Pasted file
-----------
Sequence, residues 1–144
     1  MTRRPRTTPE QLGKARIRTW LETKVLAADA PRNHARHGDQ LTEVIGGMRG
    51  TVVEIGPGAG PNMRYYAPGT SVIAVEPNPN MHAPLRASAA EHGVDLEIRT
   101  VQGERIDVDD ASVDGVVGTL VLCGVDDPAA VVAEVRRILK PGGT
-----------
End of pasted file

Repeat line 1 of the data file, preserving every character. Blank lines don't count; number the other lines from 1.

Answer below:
Sequence, residues 1–144